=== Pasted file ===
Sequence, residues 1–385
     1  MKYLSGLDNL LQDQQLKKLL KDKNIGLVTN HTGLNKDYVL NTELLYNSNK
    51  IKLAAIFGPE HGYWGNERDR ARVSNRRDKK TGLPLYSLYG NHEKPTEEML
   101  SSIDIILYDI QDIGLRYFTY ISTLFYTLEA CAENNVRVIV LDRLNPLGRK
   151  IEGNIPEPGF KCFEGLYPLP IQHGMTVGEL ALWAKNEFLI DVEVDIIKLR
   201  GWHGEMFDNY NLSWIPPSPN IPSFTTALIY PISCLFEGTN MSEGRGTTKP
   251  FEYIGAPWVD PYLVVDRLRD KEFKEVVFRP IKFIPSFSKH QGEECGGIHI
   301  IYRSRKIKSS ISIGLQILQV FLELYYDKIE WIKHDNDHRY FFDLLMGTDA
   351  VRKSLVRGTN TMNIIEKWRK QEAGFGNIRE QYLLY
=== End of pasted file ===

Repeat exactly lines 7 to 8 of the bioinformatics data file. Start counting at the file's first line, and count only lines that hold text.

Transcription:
   251  FEYIGAPWVD PYLVVDRLRD KEFKEVVFRP IKFIPSFSKH QGEECGGIHI
   301  IYRSRKIKSS ISIGLQILQV FLELYYDKIE WIKHDNDHRY FFDLLMGTDA